New class of 'mini supernovae' discovered
Apr 2, 2013 2 comments
A new type of supernova has been defined by researchers from the US. Designated type Iax, this new class is seen to be less energetic and fainter than previously defined and similar type Ia events – and may even leave behind part of its originating star.
Previously, only two classes of supernovae were recognized – core-collapse events, the explosion of stars 10–100 times as massive as our Sun, and type Ia supernovae, which involve the complete destruction of a white dwarf. Now, a team led by Ryan Foley at the Harvard-Smithsonian Center for Astrophysics has identified 25 members of the new type Iax class based on optical spectroscopic and photometric studies. Its work has shown these stars to be less energetic and with a lower absolute magnitude than would be expected with their type Ia cousin. The team believes that the supernovae of this new class originate from a binary star system comprised of a white dwarf that gathers helium from a companion star, which has lost its outer hydrogen.
Runt of the litter?
"A type Iax supernova is essentially a mini supernova...it's the runt of the supernova litter," says Foley. "It turns out that type Iax supernovae are relatively common, but we only recently discovered them because they're very faint, some only 1% as bright as type Ia supernovae."
As a result of their absence from elliptical galaxies – which are populated by older stars – it is believed that type Iax supernovae come from young star systems. This observed distribution may be related to the relatively short lifetimes of helium-burning stars, which do not last long enough to be found in elliptical galaxies. The team is uncertain what causes the white dwarf to become a supernova. One theory suggests that the overlying helium shell ignites first, transmitting a shockwave into the white dwarf within, with the opposing hypothesis proposing that the dwarf core might go first, in response to the influence of the surrounding helium.
Chances of survival
In some cases, the researchers believe that the supernovae events might be so weak that the white dwarf may even survive the explosion. "It's a little uncertain exactly what will happen to the white dwarf," Foley told physicsworld.com, explaining that such a partial deflagration might be expected to leave the star with a lower mass, but with added energy received from the supernova. "Both of these changes should make the star bigger and hotter," Foley concludes, "so I expect some sort of puffed up white dwarf."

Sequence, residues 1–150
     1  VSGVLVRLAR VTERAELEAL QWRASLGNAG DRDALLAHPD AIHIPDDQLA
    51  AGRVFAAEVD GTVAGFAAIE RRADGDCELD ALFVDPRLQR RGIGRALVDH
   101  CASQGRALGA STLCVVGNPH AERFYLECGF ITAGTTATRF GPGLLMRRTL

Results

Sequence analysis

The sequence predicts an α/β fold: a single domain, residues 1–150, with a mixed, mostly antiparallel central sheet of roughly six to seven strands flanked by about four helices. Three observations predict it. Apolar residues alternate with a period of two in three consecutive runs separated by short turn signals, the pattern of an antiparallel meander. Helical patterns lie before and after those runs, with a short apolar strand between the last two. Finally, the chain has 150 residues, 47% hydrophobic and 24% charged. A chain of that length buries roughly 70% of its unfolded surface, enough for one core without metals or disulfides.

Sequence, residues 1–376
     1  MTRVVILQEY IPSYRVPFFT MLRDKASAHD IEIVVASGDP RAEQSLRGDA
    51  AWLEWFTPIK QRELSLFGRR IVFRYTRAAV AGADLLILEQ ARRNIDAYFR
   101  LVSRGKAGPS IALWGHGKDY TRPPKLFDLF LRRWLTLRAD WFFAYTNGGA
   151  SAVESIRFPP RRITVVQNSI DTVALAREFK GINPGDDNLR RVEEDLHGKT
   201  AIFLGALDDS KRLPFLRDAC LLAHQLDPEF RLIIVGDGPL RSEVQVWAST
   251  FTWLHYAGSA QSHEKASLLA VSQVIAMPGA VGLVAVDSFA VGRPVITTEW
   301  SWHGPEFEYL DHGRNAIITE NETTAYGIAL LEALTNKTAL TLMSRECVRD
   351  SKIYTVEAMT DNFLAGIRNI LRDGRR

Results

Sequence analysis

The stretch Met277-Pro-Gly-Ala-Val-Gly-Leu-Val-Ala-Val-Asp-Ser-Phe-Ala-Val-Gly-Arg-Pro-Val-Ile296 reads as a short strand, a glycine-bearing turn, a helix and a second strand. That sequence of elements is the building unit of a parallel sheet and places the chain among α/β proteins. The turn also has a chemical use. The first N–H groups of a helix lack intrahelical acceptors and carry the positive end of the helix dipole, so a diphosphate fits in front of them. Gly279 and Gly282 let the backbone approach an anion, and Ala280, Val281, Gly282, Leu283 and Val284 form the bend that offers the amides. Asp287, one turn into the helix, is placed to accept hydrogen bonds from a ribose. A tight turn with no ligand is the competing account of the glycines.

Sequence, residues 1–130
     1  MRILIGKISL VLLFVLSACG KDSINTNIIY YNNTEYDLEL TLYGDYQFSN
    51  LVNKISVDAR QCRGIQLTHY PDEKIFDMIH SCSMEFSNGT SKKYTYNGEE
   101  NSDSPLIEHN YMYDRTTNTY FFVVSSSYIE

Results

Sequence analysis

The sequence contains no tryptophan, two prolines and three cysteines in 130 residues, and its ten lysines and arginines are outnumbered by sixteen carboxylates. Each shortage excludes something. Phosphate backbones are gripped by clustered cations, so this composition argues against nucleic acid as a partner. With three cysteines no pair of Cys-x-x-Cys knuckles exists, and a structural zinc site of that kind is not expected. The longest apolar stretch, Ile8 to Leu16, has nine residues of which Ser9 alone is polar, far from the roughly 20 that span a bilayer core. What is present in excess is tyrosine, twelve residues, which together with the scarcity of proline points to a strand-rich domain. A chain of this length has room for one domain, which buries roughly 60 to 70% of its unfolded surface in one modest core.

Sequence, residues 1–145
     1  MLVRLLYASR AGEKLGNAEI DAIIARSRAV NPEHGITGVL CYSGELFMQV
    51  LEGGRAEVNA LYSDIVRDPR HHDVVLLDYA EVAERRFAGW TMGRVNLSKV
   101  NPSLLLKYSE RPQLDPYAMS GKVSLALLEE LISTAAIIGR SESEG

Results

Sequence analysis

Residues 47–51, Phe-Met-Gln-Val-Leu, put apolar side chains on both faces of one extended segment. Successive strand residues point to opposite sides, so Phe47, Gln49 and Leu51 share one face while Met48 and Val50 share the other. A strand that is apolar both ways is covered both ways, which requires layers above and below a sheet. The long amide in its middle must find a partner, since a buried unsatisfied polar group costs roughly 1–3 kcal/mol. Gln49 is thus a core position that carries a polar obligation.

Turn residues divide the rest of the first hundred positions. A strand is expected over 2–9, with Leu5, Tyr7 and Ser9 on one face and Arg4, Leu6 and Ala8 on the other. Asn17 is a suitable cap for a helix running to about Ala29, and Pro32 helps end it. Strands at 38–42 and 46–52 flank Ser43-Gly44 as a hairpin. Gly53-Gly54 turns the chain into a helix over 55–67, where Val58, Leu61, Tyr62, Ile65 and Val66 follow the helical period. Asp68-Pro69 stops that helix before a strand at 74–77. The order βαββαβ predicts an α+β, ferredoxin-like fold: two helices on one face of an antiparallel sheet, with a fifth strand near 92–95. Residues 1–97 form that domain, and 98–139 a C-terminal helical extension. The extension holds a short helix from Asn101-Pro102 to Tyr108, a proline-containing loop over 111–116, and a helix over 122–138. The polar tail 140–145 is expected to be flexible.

Unlike other supernovae, members of the type Iax are too varied and faint to be used as standard candles – objects with a known luminosity and observed brightness that can be used to reveal their distance from Earth. However, the researchers believe that the new class could offer insights into supernovae in general. Not only do these events showcase a previously unknown way for a star to explode – with a slower moving ejecta that is easier to analyse – but their physical similarities to, and differences from, type Ia supernovae enable us to focus our models of this existing class of event.
"From an observational point of view, the substantial sample of events that resemble SN 2002cx [the prototypical member of the new class] and the estimate that these sort of events happen [a third] as often as classical type Ia supernovae is compelling," comments Craig Wheeler of the University of Texas at Austin, US, who was not involved in the research. He adds that while the proposed model – of a fully or partial deflagrating white dwarf with a companion helium star – fits well with the observed properties, such models warrant careful consideration before any firm conclusions are reached.
"If this is the appropriate interpretation, then these events come with a promise to teach us more about the nature of thermonuclear explosions," Wheeler adds. "Elucidating the nature of these events also holds great promise to aid us in better understanding stellar evolution in binary star systems in all its great variety."
Next, Foley and colleagues are hoping to address the possibility that the white dwarves might, in some cases, survive going supernova. In order to work on this theory, the team simply needs to observe more supernovae, Foley explains, adding the caveat that this kind of observation will only be possible for the closest supernovae. "The current sample is relatively small," he says, adding that "with a larger sample, we can hopefully unlock additional mysteries about the frequency, energy, asymmetry and other properties of these supernovae."
The work is to be published in The Astrophysical Journal. A pre-print of the research is available on arXiv.
About the author
Ian Randall is a science writer based in New Zealand